John Mann was born in the East, raised in the Midwest, and schooled in the West. Upon graduation from the University of New Mexico with an MFA in Photography, he headed back east to start the cycle all over again. He now lives in Tallahassee, Florida, where he makes images and teaches at Florida State University. His work has also traveled, and has been exhibited internationally at venues such as Daniel Cooney Fine Art (NYC), Hyeres Festival of Photography (FR), Phillips de Pury (London), PDX Contemporary (Portland), Newspace Center for Photography (Portland), The Print Center (Philadelphia), Jen Bekman Projects (NYC), Privateer Gallery (Brooklyn), Gallery Kunstler (Rochester, NY) and the Griffin Museum of Photography. John is a member of the Piece of Cake (POC) photography network.
Quite possibly the best way to look at John Mann’s photographs is to assume that they won’t tell you anything. Do not approach these images expecting to be transported to exotic realms in faraway lands or insisting on profound revelations. No. The object is in the viewing, and the experience of viewing.
These are not conventional photographs. That is to say, they are very conventionally made, with simple materials in sites that, even when located outdoors, feel like studios. One might recall John Pfahl, Abe Morell, or Kenneth Josephson in their diagrammatic, self-explanatory attitude. However, complex implications belie the directness. What Mann addresses in his photographs is our predilection for reason, a desire for photographs to manifest a certain, frame-defined closure. Mann’s photographs, when examined, continue to open.
Opening doesn’t always mean clarifying. Much of Mann’s imagery incorporates darkness, along a continuum from dark gray to unfathomable black. The idiom of darkness is so compelling in an art form ontologically devoted to the capture and descriptive use of light. The absence of light in photography brings with it a hint of madness. The occasional, destabilizing flash of high key whiteness in these images adds metaphysical weight to the shadows. These works usher you toward terrain inconnu, spaces in which quantitative analysis has made little headway. The artist speaks of his photographs as embodying “intense darkness.” Such recesses evoke the quixotic notion of a “deep” photograph, a cavity that functions like the gateway in the back of a C. S. Lewis wardrobe. That is, the darkness allows you to travel into a space of talking lions and witches seducing naïve children with addictive treats.
Well, maybe. I suspect this isn’t quite what John Mann has in mind. But one might project oneself into the darkness in such a fashion. There is, to be sure, a nod to the self-examining steps a viewer might carry out when encountering a work of abstract expressionism. What qualities do you project into the frame? What reactions does the work elicit? What does it see in you?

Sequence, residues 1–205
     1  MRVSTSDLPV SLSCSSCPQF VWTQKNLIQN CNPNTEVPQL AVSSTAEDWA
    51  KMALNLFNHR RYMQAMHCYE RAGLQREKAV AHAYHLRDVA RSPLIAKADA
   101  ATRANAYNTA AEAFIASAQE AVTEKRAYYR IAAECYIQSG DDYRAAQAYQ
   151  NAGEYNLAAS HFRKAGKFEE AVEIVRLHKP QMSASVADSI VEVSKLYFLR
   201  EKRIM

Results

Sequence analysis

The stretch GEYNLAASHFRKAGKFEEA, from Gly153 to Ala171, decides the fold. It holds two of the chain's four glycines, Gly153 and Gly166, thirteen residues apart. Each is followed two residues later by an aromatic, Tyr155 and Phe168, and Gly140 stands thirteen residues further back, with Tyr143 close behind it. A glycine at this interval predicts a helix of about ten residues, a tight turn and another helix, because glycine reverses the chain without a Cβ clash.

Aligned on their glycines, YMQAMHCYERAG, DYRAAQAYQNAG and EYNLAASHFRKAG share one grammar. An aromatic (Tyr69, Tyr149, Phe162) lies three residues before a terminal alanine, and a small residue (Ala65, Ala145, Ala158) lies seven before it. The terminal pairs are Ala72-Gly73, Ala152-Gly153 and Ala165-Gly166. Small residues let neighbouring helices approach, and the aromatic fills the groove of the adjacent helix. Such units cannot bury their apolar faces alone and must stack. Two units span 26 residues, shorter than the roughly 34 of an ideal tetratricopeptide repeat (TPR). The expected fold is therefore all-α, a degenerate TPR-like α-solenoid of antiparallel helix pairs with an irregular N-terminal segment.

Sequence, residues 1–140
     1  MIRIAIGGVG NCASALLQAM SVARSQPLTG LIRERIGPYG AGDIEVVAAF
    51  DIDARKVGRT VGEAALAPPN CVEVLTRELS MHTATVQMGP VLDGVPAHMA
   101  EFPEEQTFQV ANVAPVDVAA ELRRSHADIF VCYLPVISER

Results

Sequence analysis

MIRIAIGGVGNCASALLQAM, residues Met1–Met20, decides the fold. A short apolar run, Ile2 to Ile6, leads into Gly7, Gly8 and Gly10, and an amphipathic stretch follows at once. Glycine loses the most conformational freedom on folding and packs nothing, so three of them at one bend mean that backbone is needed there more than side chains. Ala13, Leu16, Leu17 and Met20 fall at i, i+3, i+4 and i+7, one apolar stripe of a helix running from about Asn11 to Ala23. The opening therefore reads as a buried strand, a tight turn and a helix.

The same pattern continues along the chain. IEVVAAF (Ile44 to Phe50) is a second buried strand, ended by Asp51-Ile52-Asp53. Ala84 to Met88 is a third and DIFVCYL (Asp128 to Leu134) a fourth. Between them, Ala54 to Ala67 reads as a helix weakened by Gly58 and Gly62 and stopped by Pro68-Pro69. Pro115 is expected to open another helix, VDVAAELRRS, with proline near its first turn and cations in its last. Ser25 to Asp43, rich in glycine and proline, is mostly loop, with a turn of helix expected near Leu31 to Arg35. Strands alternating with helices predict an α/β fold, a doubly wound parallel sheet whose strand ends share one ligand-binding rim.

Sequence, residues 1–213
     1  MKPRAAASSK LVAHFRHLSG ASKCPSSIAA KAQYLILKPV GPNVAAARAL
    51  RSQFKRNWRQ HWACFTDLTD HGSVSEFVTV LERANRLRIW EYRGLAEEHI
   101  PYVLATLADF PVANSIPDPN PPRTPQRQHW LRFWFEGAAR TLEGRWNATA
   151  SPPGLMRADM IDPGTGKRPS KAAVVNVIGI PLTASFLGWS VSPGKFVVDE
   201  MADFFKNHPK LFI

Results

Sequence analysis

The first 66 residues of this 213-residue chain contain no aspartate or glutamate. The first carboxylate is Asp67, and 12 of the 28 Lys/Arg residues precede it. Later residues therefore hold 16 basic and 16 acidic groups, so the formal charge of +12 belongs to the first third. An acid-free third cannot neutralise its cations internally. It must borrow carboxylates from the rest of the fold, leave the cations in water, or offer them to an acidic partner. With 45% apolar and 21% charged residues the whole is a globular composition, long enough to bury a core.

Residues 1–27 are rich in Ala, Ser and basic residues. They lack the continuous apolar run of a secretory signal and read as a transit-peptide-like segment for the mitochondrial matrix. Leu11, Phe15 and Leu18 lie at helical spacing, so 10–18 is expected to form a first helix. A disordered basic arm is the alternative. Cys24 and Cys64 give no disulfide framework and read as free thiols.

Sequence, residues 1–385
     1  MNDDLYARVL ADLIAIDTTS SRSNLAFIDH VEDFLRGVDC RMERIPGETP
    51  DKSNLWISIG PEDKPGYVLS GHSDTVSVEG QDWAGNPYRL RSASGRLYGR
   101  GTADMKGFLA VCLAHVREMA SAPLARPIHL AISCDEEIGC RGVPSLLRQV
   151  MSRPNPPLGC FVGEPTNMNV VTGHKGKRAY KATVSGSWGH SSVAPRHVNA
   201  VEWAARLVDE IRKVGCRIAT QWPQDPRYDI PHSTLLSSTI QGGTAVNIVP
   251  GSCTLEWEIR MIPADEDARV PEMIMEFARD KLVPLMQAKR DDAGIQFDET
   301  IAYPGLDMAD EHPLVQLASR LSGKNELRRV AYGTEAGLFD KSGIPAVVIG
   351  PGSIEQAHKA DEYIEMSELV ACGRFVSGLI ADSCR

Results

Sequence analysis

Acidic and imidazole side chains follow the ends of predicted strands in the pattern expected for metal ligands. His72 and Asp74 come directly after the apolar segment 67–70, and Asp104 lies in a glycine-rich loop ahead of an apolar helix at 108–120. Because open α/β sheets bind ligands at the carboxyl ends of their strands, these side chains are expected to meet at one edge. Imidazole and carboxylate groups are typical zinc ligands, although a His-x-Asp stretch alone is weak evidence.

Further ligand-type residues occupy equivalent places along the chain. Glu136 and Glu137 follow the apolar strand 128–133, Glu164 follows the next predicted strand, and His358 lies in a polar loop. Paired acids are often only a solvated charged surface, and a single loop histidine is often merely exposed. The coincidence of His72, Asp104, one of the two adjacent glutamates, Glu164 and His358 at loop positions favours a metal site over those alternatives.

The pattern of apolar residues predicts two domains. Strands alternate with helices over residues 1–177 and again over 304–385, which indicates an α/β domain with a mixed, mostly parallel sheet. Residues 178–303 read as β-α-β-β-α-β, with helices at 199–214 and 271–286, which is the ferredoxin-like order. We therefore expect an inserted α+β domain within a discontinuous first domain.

Fanciful metaphors aside, the fact is that photographs tend to be resolutely, symbolically flat, whether mirror or window (in John Szarkowski’s metaphoric parlance) or, as rendered in work by Henry Holmes Smith, Allison Rossiter, Ellen Carey, or Marco Breuer, optical-chemical effects on a graphic plane. Mann’s photographs start with flatness, then tinker with our perceptions of other dimensions.
Non-photographic precedents for Mann’s darkness include the unsettling sculptural works of Lee Bontecou and Ken Price, both of which employ apertures that compel attention but illuminate nothing. Likewise, there are any number of visual artists whose non-representational work seeks expression of inchoate, unclassifiable attitudes toward the world. On the more reduced end of this spectrum, echoing Mann’s simplicity of means, think Robert Ryman, Richard Tuttle, Anne Truitt, or Ellsworth Kelly, artists who refuse to offer access to worlds outside of the piece. (And no wardrobe portal lurks within them.)
Another fitting parallel is the opaque quality of ink in the shadows of a gravure-printed page, a velvety and impenetrable darkness that compels respectful attention. (Weegee’s 1945 book, Naked City, with its brilliant, flash-lit truths and impenetrably criminal shadows, is a highly pertinent example.) Perhaps this sensuous absence beckons like a Lorelei on the banks of the Rhine. There is, after all, a beguiling, unmistakably photographic beauty to these images. My guess, though, is that Mann’s goal is not to dash my ship on the rocks but simply to complicate my course and remind me to take nothing for granted.
So many questions arise from these images, and none of them require answers. But still… What is that construction of wooden pieces supposed to represent, anyway? Looks something like a toy plane, but not one with any flight potential. How does that crinkled paper float like that? Who dropped those white hyphens and dashes into that scribbled maze of dark twigs?
Optical confusion accompanies the pervasive darkness. Confusion is not illusion. These are documents of inconclusiveness that use simple materials and call out in a plain voice. The truths are right there in front of our eyes. Yet our vision floats in and through the work, led by our adaptive desire to rationalize and comprehend the landscape in front of us—whether two dimensional or three, we want to identify and name what we are seeing.
Mann urges us to shelve our predilection for clarity and meaning. Be daring, the work says. Don’t just see, but actively look. Enter those caves and do some spelunking.
George Slade is a writer and photography historian based in Minneapolis, MN. Find him online as “re:photographica.”
John Mann lives in Tallahassee, FL, and completed his residency in June 2016.